Thursday, March 12, 2009
Creative cultural destruction
...is, thanks to this article, what I'll now call what's happening around me. The article doesn't say anything too new, but it does sum things up nicely. I've been playing in that liminal space between offline and online for quite some time now. I've been watching others play in it. And I've been paying attention to those in the Canlit scene who don't since, really, they're in the digital world just the same. They're on the sites of publishers, agents and booksellers. Their interviews can be found on blogs. I've been thinking about them this morning as I tend to this blog. I bet in the time it takes me to finish this post at least one of them will have written a brilliant first line for what will be a brilliant poem. And this post? I know. Like the article, I haven't said anything too new.
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"In the new digital world I suspect that artforms, artists and cultural organisations will succeed by occupying the liminal space between offline and online, building a compelling presence in both that allows something unexpected to emerge where they meet and blur together..."
Yes, I think this is quite right. Tho I have been suggesting that the internet has in fact peaked...perhaps hopefully on my part. I have never understood how people allow innovation to have such power over their lives...but I love innovation too. Not an easy one to work through, but I am hoping people will poke their heads out of their windows and begin to address the world, such as it is.
It's possible it has. Peaked or not, though, it will continue to drive our lives. And recklessly. And we're all along for the ride. I agree with what you say about innovation. To think when I was a kid I used to milk a cow. The cow hated it. I can't blame her. But when all was said and done, there was milk in the pail. Now I depend to some extent on the internet for my milk. If a glitch paralyzes the banks and thereby the tills or the interact won't work, I can't buy my skim. I dunno how we got to this point. But at least I know where milk comes from.
That said, I've been thinking about what a compelling presence might look like and how it would allow something unexpected to emerge and what the unexpected might be. With the economic downturn, I expect I'll be depending on the internet more than ever. Budgetary constraints of cultural organisations will mean less opportunities for artists in general and especially for those who are expensive to bring in. This is the reality.
...Speaking of addressing the world, I've been following Trevor Herriot's new blog. It's a dandy. I know I've mentioned it before, but I will again because he looks at and speaks and writes about the intersection of culture and nature in a way that I think would encourage people to poke their heads out, as you say, and actively address the world. The latest post points to a great book by David Abram, a book I've read a few times.
Great post Brenda. Tons of food for thought.
Thanks, Shawna! I just read my comments again now and I'm chuckling at how scattered they are. From cows to eco-philosophers! Yikes. But that's much like how my mind was skipping along today as I try to see ahead and find a place that feels right.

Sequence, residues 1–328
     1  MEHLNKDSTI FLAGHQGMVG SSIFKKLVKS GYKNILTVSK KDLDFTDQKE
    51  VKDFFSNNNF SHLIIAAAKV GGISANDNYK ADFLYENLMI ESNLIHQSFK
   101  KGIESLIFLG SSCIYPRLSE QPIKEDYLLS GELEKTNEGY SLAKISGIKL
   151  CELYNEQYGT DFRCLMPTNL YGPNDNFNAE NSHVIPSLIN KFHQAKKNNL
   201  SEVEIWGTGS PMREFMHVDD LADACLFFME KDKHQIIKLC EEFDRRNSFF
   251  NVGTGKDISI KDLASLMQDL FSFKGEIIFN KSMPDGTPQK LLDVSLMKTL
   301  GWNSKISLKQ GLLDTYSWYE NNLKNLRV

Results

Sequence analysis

I can't help but wonder at all the women writers through the ages that would have been so less isolated had they access to this technology... ditto publishing digitally... how many thousands of women writers have we never heard of, their manuscripts tucked into hat boxes then burned at their death?
this is a tremendous leveler, a tremendous tool, one for which I am grateful
"This is a tremendous leveler..."
Nice. Indeed, for those like us who can afford the technology, or at least access it, it is a tremendous leveler as you say. I feel lucky. I worry, though, about the unlucky who don't have access or the literacy level needed to take advantage of the access and how the gap between the connected and the unconnected is contributing to the widening gap between the rich and poor. I worry, yet I stare at a screen considering liminal space. And then I'll check Facebook. Talk about gaps.
Speaking of innovation, I'm reminded again this morning of how lucky I am as I read this story about a study titled "Household Technology: Was it the Engine of Liberation?" I love my fridge. And my washing machine. And my running water...
Stephanie Strickland, grandmother and conceptual poet, innovator and overall inspiration:
Being both in the world, and in technology. This is the challenge for women, and I say women because these are the voices we aren't hearing enough from.
What do we think, not only of poetry, but of the access to poetry and the reading of poetry and our own ideas of poetry which we hear far too little of.
And Brenda, as my father always said, there is nothing that can't be done better...we can have cleaner everything if cleaner was the goal.
Thanks! Both for the remarks and the link. Strickland's piece is just what I needed to read. I love her conclusion. And "Traveling to Utopia: With a Brief History of the Technology" is just what I needed to see.
There is nothing that can't be done better. How true. Onward.
You can attend free lectures on halflife too . . . what a great way to attend an international conference when you're on a tight budget.
Free is definitely nice!
i was saying to my husband the other day that if i died tomorrow, i'd have to have left detailed instructions for him (which i've not yet done) as to how to dismantle my online life. i'm not scared of that; it is what it is.
Hm. The online spreading of ashes. I guess I'll just get H to comment on my blog - something like "B has gone to that big blog in the sky." Or "she kicked the blog. Get."
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